Myanmar leader’s live broadcasts on Facebook draws hundreds of thousands of views.
YANGON, Myanmar – Broadcasting live from Myanmar’s capital, Naypyidaw, Aung San Suu Kyi shuffled some papers, looked straight at the camera and smiled before welcoming her guests to a teleconference call on Facebook.
“Currently, migrant workers are coming back from Thailand and some have resettled in the country. So we are taking the necessary steps to provide quarantine facilities,” the country’s de facto leader told the more than 300,000 viewers who had tuned into her broadcast on Wednesday.
Alongside her, the screen featured three of Myanmar’s labour leaders. The first topic of the day was about how returning migrant workers could minimise the spread of the new coronavirus in the impoverished country.
“Those gathered in large groups could be a danger to themselves and the country if they don’t follow the rules,” Suu Kyi said.
The 74-year-old state counsellor heads Myanmar’s coronavirus response team and has reluctantly turned to Facebook to spread her message on the challenges posed by COVID-19, the respiratory illness caused by the new coronavirus.Despite creating a Facebook profile in 2016, Aung San Suu Kyi only posted her first update on April 1, declaring that while she did not want to use the platform at all she was forced to do so in order to “effectively communicate with citizens”.
Since then, Aung San Suu Kyi has taken to the platform daily to update her 2.2 million followers on the government’s efforts to fight the virus. Facebook has the largest reach out of any traditional media or social media platform in Myanmar, registering an estimated 21 million users in the country of 53 million.
There are now 127 confirmed infections and five deaths from the coronavirus in Myanmar. While the figures are the second-lowest in Southeast Asia, experts worry a large outbreak could swiftly overwhelm the country’s healthcare system, which is ranked among the worst in the world following decades of military rule. The country is now bracing for the return of more migrant workers from Thailand and China, some of whom may have the coronavirus.
During her broadcasts, Aung San Suu Kyi hosts state and regional health officials as well as volunteers working to slow community transmission. She moderates panel discussions and listens to and congratulates people across Myanmar, from Mon state in the southeast of the country to the Ayeyarwady region outside Yangon, in an effort to reassure people that authorities are doing everything possible to combat the virus. Respect the rules, she urges viewers frequently, telling them to follow social distancing guidelines and hygiene practices including the wearing of face coverings.
The broadcasts typically garner hundreds of thousands of views and as people on the front lines share their stories, viewers flood the screen with thumbs-up signs and heart-shaped emojis. In addition to the praise from supporters, the discussions have drawn plaudits from the traditional news media, too.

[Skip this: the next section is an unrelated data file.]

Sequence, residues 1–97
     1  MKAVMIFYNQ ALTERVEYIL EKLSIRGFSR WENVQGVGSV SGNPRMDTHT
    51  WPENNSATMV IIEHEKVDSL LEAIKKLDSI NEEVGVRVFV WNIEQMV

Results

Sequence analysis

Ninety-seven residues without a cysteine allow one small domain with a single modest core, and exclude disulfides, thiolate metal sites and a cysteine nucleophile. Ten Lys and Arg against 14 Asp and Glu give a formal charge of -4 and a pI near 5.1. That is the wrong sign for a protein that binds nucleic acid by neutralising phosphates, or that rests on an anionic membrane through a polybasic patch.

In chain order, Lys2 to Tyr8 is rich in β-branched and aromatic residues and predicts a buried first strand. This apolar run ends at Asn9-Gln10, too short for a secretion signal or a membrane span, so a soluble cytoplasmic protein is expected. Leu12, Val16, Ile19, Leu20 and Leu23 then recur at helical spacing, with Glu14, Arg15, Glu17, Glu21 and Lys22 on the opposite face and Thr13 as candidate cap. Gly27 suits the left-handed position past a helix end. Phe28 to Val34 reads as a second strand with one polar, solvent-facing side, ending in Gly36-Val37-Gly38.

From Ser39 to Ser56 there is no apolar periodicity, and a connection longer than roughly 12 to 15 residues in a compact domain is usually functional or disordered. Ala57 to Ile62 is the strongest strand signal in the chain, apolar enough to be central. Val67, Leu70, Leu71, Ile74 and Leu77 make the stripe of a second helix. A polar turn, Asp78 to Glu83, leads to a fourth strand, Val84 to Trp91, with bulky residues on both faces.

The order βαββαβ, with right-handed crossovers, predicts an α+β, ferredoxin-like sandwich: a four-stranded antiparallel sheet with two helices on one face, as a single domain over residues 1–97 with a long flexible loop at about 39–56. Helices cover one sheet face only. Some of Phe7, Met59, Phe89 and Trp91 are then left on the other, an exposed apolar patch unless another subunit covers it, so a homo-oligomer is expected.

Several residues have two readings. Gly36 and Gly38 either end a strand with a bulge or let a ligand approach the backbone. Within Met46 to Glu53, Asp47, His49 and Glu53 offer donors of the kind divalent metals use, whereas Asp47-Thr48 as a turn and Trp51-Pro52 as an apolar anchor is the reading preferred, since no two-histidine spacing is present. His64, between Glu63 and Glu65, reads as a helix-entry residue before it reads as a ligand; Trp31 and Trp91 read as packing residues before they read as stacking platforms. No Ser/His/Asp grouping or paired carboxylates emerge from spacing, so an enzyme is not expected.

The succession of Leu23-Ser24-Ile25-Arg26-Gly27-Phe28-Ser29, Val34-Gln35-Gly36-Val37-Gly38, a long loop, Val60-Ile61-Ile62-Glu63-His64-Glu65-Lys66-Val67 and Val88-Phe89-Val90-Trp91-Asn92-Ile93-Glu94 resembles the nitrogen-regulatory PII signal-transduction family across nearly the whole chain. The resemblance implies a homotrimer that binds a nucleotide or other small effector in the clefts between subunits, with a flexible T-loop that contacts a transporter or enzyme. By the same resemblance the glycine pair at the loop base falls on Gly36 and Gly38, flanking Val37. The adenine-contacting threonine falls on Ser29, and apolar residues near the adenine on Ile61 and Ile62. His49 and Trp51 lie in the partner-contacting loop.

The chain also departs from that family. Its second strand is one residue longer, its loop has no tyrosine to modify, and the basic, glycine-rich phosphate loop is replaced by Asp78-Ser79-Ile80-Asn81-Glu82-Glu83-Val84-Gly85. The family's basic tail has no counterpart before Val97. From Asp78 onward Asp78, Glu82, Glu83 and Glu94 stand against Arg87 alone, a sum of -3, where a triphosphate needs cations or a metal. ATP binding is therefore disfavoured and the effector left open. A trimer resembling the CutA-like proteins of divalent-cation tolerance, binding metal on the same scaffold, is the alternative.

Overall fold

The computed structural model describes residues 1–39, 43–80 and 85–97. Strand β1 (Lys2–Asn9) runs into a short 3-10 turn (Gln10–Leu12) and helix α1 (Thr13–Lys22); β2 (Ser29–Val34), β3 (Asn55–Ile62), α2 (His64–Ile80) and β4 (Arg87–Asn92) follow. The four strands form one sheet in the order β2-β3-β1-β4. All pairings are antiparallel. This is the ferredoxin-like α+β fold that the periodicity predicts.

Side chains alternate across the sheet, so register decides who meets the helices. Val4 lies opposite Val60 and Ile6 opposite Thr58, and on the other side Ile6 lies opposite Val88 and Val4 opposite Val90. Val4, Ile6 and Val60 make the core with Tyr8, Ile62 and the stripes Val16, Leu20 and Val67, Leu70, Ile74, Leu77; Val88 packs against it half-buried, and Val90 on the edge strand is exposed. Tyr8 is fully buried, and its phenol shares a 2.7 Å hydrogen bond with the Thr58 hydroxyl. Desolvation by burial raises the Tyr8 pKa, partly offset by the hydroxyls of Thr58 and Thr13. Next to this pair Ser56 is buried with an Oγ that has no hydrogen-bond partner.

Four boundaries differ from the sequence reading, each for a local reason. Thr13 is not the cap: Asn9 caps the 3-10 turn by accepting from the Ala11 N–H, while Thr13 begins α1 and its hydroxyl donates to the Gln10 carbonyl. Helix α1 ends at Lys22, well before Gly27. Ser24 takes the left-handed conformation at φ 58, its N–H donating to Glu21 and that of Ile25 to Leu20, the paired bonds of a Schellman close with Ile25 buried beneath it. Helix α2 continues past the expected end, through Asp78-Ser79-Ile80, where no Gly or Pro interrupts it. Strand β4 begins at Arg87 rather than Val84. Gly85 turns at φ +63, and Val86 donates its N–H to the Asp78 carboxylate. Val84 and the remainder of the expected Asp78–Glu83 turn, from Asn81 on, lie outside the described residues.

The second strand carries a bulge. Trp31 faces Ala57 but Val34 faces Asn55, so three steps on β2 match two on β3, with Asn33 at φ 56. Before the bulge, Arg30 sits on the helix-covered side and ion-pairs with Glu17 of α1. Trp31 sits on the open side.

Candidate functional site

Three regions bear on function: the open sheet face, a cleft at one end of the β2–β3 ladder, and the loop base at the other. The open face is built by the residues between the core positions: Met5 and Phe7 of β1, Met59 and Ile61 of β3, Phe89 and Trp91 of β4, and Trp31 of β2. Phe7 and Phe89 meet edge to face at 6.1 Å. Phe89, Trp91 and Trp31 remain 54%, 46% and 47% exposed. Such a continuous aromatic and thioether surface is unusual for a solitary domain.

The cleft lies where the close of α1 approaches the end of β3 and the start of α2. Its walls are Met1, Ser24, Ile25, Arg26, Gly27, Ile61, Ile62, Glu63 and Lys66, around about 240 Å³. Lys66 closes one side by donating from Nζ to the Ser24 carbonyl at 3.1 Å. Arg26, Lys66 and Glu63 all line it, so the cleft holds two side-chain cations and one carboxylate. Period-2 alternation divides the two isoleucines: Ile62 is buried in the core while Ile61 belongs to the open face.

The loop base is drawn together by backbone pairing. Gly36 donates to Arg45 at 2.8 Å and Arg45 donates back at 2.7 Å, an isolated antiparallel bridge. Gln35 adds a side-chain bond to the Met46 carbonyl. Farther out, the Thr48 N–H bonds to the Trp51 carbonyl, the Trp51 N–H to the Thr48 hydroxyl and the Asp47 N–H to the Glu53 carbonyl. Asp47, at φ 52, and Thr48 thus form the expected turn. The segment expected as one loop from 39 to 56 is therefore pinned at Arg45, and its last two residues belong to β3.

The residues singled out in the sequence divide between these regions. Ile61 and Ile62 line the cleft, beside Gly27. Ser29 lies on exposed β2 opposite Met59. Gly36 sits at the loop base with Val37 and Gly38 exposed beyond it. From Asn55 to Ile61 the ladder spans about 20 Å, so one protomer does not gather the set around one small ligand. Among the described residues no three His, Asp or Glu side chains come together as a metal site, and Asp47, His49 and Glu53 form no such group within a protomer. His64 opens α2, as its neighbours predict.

“The biggest result of our video meeting with citizens across our country is to know about the important needs of those who are trying to overcome the COVID-19 challenges [we face],” Aung San Suu Kyi said on Tuesday.
Kaung Htut, a bank employee in Yangon, Myanmar’s commercial capital, welcomed Aung San Suu Kyi’s live broadcasts.
“The teleconference call is a good thing … she should have been doing this all along,” the 39-year-old said. “She’s not communicating detailed plans by the government. She’s trying to clarify some information for the public. The guests respectfully listen and answer her questions. But nobody challenges her.”
But some critics say the tactic bypasses the news media and public health officials should have taken the lead, not Aung San Suu Kyi.
“She should hold press conferences and communicate with journalists to make sure the right messages are getting out,” said Thinzar Shunlei Yi, a 28-year-old democracy activist who tunes in to Aung San Suu Kyi’s live broadcasts.
“The press conferences or online press briefings should be regular. She’s taking on the roles other people should.”
Meanwhile, some activists are using Aung San Suu Kyi’s newfound appreciation for Facebook to seek accountability for the continuing conflict between the military and the Arakan Army rebel group in Rakhine and Chin states.
The United Nations says 32 civilians, mostly women and children, have been killed in the fighting in Rakhine and Chin since March 23 – the date the first case of COVID-19 was confirmed in Myanmar. And while Aung San Suu Kyi used one of her recent Facebook broadcasts to mourn the loss of a woman to the coronavirus, activists say she has not paid the same attention to the conflict deaths.
On Tuesday, Aung San Suu Kyi released a statement expressing her support for the military in western Myanmar, and went on to remark that her government was “deeply saddened to learn of civilian casualties in Rakhine and Chin states,” where 150,000 displaced people are living under a mobile internet ban and are unable to receive information about the pandemic.
Moe Thway, president of Generation Wave Youth Force, a group of political activists critical of Aung San Suu Kyi’s government, said he frequently leaves comments on Aung San Suu Kyi’s Facebook posts highlighting the number of people who’ve been killed in the conflict in the past month alone.
“For the moment coronavirus is the most important issue in the country. But the war in Rakhine and Chin states should be the second,” he said.
“People living in the conflict zones need protection and information,” said Moe Thway.
Aung Hla Tun, a spokesman for Myanmar’s government, declined to comment for this story.